Hemisphere:  Northern  ·  Constellation: Canes Venatici (CVn)  ·  Contains:  M 106  ·  M106  ·  NGC 4248  ·  NGC 4258  ·  NGC4248
Getting plate-solving status, please wait...
M106, 



    
        

            Timothy Martin & Nic Patridge
Powered byPixInsight

M106

Getting plate-solving status, please wait...
M106, 



    
        

            Timothy Martin & Nic Patridge
Powered byPixInsight

M106

Imaging telescopes or lenses: Celestron Edge 1100 HD

Imaging cameras: ZWO ASI2400MC Pro

Mounts: Celestron CGX-L

Guiding telescopes or lenses: Celestron OAG

Guiding cameras: ZWO ASI174MM

Software: Topaz Labs DenoiseAI  ·  Nighttime Imaging 'N' Astronomy N.I.N.A. 1.10  ·  Aries Productions Astro Pixel Precessor v1.082  ·  Open PHD Guiding PHD2 2.6.9  ·  Pixinsight 1.8  ·  Topaz Labs Topaz Studio II  ·  Adobe Photoshop CC 2020

Filters: Optolong L-Pro 2"

Accessory: Celestron Focus Motor  ·  Pegasus Astro Powerbox Advanced


Dates:Dec. 25, 2020

Frames:Optolong L-Pro 2": 90x120" (3h) (gain: 160.00) -8C bin 1x1

Integration: 3h

Darks: ~30

Flats: ~50

Flat darks: ~50

Avg. Moon age: 10.50 days

Avg. Moon phase: 80.76%

Bortle Dark-Sky Scale: 8.00


Astrometry.net job: 4517251

RA center: 12h 18' 58"

DEC center: +47° 17' 22"

Pixel scale: 0.441 arcsec/pixel

Orientation: 89.549 degrees

Field radius: 0.338 degrees


Resolution: 3202x4483

Locations: Home, The Colony, Texas, United States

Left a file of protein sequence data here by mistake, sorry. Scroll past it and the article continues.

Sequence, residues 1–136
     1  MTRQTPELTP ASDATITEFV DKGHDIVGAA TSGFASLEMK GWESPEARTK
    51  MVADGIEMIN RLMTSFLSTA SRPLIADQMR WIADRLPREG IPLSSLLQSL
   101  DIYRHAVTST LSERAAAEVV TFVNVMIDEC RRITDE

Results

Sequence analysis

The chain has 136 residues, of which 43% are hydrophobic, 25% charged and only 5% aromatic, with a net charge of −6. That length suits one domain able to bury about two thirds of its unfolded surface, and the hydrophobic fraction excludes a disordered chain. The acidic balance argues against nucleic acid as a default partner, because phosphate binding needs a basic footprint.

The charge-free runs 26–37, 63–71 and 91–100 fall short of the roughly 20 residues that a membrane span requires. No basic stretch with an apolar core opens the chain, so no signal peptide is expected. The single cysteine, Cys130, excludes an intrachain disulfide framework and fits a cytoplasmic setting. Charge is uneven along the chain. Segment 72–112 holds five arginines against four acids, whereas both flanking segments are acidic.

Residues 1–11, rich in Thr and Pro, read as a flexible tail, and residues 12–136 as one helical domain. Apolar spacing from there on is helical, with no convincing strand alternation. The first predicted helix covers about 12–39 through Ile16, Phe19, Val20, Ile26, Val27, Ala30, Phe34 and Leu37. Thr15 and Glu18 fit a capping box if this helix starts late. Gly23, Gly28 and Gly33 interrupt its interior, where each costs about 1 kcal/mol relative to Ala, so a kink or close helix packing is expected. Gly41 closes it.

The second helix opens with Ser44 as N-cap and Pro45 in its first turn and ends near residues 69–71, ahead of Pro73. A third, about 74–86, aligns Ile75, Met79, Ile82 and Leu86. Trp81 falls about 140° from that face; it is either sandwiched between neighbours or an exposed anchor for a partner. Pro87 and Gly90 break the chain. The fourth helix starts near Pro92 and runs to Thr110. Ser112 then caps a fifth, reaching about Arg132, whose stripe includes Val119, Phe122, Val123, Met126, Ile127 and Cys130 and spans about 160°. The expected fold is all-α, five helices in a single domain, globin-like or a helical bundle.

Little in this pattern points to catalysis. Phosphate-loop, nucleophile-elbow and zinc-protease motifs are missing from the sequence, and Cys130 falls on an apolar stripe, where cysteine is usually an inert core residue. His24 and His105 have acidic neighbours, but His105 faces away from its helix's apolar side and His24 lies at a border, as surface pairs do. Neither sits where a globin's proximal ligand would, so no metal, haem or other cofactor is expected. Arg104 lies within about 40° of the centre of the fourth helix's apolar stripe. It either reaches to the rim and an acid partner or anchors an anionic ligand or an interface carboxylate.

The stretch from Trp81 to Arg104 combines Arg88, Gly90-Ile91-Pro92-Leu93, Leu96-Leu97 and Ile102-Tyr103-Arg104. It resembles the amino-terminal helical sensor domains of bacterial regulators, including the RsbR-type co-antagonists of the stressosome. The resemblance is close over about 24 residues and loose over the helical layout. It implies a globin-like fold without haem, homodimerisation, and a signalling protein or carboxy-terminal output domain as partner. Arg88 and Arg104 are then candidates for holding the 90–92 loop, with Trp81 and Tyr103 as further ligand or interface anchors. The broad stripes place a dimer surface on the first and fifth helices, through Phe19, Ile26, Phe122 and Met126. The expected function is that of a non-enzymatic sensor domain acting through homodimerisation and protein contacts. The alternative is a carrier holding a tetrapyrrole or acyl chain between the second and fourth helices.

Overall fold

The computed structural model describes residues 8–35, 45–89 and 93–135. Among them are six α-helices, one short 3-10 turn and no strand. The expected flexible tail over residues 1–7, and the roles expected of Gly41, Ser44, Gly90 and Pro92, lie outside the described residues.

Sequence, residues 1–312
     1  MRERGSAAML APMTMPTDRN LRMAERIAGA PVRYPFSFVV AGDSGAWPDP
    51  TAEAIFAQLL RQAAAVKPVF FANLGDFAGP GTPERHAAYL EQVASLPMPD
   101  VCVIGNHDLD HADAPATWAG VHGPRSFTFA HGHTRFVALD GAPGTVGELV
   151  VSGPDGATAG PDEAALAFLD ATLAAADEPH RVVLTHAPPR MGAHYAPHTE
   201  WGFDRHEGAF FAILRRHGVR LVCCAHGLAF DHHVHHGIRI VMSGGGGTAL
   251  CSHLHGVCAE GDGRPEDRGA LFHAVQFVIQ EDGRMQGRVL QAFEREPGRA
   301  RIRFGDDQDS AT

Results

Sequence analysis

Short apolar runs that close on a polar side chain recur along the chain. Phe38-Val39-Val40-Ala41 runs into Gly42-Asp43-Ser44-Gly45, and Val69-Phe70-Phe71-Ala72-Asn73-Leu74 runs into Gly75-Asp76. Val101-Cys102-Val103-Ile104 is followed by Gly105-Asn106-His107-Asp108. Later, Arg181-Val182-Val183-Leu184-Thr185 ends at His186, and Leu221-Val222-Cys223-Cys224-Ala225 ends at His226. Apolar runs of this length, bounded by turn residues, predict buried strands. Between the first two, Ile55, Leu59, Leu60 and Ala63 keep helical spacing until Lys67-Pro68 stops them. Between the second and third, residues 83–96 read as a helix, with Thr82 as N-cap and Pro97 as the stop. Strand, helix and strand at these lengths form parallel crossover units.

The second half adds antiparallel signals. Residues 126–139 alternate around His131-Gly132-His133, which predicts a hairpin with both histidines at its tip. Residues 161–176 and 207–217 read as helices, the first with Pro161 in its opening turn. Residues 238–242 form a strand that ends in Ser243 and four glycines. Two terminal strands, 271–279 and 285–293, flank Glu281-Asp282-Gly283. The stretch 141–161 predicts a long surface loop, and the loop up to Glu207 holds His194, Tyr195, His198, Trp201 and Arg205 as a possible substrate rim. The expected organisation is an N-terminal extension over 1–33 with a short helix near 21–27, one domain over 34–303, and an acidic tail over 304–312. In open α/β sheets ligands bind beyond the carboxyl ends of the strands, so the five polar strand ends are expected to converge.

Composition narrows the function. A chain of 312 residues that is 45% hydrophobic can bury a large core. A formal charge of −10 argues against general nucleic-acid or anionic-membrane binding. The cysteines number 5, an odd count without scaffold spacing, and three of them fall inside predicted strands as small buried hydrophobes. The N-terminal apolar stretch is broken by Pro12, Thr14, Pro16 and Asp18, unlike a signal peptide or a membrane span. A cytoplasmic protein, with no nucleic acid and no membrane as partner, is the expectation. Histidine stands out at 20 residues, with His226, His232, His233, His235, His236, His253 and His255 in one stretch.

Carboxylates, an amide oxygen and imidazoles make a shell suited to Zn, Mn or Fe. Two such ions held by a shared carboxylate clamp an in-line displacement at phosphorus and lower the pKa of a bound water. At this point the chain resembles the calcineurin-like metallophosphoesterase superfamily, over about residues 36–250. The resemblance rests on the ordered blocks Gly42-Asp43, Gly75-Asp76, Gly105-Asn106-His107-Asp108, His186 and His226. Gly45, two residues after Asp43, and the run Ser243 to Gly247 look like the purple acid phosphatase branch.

Data source: Backyard

Description

This is Messier 106, an intermediate spiral galaxy in Canes Venatici about 23.5 million light years away. This galaxy is unusual in that its active central black hole—36 million times the mass of the sun and nine times the mass of the Milky Way’s central black hole—may primarily account for the galaxy’s odd shape. The usual reason for this kind of galactic misshapenness is some kind of gravitational interaction with another galaxy in the past. But apparently not in this case—at least, not directly.

An active galactic nucleus containing a supermassive black hole like this one usually emits powerful jets of accelerated particles at right angles to the galactic disk. But this nucleus seems to be spewing its jets into the spiral arms of the galaxy, causing the odd shape we now see. No one really knows why. Perhaps, after all, it’s because of some primordial gravitational interaction with another galaxy that tilted the nucleus on its side.

Information credit: Annals of the Deep Sky, Volume 3, Kanipe & Webb (2016).

Comments

Revisions

  • M106, 



    
        

            Timothy Martin & Nic Patridge
    Original
  • Final
    M106, 



    
        

            Timothy Martin & Nic Patridge
    B

B

Description: More reprocessing based on Ron Brecher's PixInsight instruction.

Uploaded: ...

Sky plot

Sky plot

Histogram

M106, 



    
        

            Timothy Martin & Nic Patridge